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The Enormous Cost Of Taxing The Rich

By Derek Bullen. Originally published at ValueWalk.

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Imposing additional taxes on the rich sounds like a good idea and has been a very popular rallying cry among many politicians and voters. Yet, each time governments attempt to implement a wealth tax, the result is actually less tax revenue.


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The Argument Of Taxing The Rich

Arguments to tax the rich come from the misplaced notion that the wealthy among us take money from everyone else. This is untrue. Wealth creators represent a small minority who are willing to put in tremendous amounts of work and take enormous risk in the hopes of both monetary and societal rewards. They are multipliers of wealth and actually create more money for society.

Among the failed taxes on the rich was President George H.W. Bush’s 10 percent tax on expensive boats, cars, watches and other items deemed luxury in 1991. The goal of the tax was to generate additional revenues to reduce the federal government’s budget deficit. He believed it would raise $9 billion in excess revenues over a five-year period. It did the opposite.

The Washington Post set out the facts in a July 1992 article, “How to Sink an Industry and Not Soak the Rich.” It chronicled the damage done to the boating industry. The rich, unhappy about paying the new tax, stopped purchasing luxury boats — among other luxury items — and the federal government was unable to incur its anticipated tax money. In fact, in its first year and a half, the new tax raised a pathetic $12 million. In the meantime, it devastated a number of domestic industries, including boating, jewelry, and private-plane manufacturing.

In August 1993, President Bill Clinton eliminated the luxury tax in an attempt to reverse the damage and start rebuilding the lost businesses, jobs and tax revenues from the industries and communities decimated by the luxury tax.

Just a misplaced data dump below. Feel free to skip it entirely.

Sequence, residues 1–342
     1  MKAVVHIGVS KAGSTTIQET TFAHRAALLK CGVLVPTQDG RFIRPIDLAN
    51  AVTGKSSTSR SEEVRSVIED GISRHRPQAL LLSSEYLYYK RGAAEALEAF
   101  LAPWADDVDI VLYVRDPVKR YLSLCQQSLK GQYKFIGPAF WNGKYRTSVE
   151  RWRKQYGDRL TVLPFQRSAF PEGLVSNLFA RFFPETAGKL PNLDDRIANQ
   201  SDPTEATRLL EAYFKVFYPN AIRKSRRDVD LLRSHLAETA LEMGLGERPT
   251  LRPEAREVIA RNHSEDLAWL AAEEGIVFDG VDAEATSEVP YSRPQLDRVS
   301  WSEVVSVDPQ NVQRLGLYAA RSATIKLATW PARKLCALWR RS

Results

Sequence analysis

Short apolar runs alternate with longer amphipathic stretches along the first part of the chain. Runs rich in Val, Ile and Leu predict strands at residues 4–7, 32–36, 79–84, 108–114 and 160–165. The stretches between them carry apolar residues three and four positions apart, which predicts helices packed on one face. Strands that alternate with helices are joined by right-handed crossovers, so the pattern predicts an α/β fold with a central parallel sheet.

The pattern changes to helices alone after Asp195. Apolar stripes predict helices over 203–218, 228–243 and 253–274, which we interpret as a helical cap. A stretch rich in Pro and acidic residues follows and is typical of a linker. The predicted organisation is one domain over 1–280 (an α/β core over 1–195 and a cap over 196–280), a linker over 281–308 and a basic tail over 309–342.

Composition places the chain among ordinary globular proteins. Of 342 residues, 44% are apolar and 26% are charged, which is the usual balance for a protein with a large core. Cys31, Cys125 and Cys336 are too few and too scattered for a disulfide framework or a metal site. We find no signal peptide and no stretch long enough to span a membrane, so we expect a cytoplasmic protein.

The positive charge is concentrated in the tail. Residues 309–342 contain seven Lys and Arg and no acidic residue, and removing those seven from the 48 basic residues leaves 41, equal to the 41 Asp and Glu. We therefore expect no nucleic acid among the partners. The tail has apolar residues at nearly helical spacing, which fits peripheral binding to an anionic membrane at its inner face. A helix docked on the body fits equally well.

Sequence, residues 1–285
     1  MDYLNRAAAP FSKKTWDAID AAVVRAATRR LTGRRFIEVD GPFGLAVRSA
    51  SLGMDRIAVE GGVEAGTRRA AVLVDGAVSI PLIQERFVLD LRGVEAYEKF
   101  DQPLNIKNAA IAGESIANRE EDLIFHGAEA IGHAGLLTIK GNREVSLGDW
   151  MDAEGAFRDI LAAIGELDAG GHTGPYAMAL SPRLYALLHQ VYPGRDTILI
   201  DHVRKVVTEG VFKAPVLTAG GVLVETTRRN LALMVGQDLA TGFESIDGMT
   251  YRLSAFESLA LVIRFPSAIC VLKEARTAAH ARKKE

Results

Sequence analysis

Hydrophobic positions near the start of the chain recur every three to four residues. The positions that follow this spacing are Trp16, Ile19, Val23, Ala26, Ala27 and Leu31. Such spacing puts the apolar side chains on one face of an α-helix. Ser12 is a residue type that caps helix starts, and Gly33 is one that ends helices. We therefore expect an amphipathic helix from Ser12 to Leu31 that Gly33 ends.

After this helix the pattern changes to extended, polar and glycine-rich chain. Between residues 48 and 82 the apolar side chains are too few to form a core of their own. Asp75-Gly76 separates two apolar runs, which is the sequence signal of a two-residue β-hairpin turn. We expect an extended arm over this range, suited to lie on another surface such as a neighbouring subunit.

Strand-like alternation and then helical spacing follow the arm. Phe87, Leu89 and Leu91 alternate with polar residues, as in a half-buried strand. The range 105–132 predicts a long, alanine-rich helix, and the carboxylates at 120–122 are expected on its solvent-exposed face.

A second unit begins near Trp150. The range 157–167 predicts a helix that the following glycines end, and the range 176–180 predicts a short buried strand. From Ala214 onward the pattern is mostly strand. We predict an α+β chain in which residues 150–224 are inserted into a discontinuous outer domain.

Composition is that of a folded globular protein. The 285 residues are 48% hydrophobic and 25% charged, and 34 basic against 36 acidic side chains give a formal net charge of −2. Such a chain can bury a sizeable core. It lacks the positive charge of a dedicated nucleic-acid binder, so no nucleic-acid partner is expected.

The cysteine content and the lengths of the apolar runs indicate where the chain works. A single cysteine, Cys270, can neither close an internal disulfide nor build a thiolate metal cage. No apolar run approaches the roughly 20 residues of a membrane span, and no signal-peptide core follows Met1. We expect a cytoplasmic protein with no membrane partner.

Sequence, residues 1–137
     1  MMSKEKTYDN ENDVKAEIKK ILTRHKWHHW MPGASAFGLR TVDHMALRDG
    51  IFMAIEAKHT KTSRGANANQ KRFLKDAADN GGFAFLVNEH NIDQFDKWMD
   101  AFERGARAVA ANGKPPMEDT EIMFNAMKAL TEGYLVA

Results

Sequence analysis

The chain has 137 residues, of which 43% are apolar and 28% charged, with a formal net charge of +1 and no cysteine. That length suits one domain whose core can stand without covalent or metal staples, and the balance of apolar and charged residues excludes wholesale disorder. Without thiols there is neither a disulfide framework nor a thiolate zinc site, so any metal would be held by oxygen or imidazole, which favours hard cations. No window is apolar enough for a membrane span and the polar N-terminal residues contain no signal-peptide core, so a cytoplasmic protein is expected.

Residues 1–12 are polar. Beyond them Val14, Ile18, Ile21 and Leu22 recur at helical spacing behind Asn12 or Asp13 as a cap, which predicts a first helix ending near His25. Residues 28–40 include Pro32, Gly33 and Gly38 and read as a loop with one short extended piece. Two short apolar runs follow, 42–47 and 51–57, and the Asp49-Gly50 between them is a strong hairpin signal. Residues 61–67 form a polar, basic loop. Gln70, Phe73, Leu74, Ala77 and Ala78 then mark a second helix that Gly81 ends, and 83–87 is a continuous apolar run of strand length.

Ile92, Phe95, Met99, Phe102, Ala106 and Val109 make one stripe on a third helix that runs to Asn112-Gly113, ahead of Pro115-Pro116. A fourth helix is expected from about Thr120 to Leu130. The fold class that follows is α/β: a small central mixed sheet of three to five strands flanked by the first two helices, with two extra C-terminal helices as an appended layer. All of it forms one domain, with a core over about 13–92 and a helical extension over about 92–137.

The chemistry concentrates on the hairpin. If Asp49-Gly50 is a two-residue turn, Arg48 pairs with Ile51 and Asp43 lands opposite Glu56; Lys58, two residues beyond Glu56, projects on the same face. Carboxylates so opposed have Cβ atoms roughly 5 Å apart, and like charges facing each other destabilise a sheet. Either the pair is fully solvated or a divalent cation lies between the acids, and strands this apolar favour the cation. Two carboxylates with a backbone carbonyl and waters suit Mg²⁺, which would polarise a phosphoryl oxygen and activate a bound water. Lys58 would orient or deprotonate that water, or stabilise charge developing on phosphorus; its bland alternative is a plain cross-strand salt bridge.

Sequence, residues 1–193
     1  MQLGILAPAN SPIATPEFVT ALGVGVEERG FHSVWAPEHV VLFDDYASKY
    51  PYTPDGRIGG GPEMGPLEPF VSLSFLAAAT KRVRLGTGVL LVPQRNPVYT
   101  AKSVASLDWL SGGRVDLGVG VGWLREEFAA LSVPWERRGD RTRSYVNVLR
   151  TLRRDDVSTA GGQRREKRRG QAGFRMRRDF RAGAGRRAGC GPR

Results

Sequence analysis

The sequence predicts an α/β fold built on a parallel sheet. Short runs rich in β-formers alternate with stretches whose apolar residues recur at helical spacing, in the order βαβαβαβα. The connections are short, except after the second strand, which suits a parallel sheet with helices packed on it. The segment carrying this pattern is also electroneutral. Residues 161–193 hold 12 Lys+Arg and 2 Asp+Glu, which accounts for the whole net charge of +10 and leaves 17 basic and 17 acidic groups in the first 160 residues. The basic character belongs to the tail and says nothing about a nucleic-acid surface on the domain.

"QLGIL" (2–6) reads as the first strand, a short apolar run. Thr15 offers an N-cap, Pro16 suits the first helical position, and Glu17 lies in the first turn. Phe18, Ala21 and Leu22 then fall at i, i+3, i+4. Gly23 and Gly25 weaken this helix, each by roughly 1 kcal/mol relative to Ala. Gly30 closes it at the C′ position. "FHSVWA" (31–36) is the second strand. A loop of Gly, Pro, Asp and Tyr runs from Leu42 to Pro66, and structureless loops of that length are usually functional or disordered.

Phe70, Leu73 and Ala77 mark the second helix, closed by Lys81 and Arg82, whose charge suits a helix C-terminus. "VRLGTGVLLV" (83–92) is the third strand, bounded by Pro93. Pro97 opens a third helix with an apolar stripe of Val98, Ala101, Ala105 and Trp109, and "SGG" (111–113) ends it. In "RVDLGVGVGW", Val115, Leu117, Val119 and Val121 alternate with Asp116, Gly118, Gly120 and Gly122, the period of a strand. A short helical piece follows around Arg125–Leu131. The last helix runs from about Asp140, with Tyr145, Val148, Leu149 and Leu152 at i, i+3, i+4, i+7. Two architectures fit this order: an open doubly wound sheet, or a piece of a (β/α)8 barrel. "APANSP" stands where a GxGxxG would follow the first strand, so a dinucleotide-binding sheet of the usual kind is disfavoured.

A Flop Idea In Europe

Efforts to tax the rich in European countries were epic flops. For example, France implemented an annual tax of from .5 to 1.5 percent on everything owned by the wealthy. The new tax was expected to raise billions of Euros, but instead it triggered a sizeable migration of wealth creators and entrepreneurs from the country, who took with them their money, businesses and major sources of revenue for the country.

France’s wealth tax raised about US$26 billion while the government lost more than US$125 billion each year from the departure of wealth creators. President Macron cancelled the tax in 2007, saying, “It’s all well and good to want to spread wealth, but you first need to produce, to create wealth before redistributing. That’s how it works.”

Uganda imposed the most audacious measure when, in 1972, it expelled its Asian wealth creators, and took everything they’d created and redistributed it. The government seized more than 5,650 business, farms and ranches and reallocated them to Uganda’s citizens, with some going to the government directly. The expulsion was insanely popular with Ugandans who had thought that the rich had taken advantage of the masses. It was like winning the lottery. But, as lottery winners rarely hold on to their money, the majority of Ugandans were worse off two years later.

Uganda’s leadership overlooked how the rich created jobs that provided people with income. They paid taxes that funded the building and maintenance of roads, hospitals, schools and other vital infrastructure. They didn’t understand that creating wealth is hard work, and not everyone is willing or able to do it. The economy collapsed in 1979, taking the Idi Amin government with it. His successor promptly invited the Asian business community back, but the damage was already done.

Today’s rallying cry to impose greater taxes on the rich is counterproductive. In my native country of Canada, 10 percent earn over CA$100,000 per year, yet they pay more than 50 percent of the personal taxes used to fund schools, hospitals, roads, fire fighters and other services. They carry more than half the burden of taxation for the other 90 percent of Canadians who enjoy those services.

Nations must encourage successful companies and entrepreneurs to stay and grow. To do this, it’s crucial to curb the false promise of further wealth taxation that generates disastrous results when governments are foolish enough to enact them.


About the Author

Derek Bullen is Founder and CEO of S.i. Systems, one of the largest professional services companies in Canada, with thousands of information technology consultants working on projects for blue-chip corporations and government agencies across Canada. His new book is In Defence of Wealth: A Modest Rebuttal to the Charge the Rich Are Bad for Society (Barlow Books, 2022), and previously published High Velocity, a book to help new IT professionals develop their soft business skills. Learn more at https://bullenbooks.com.

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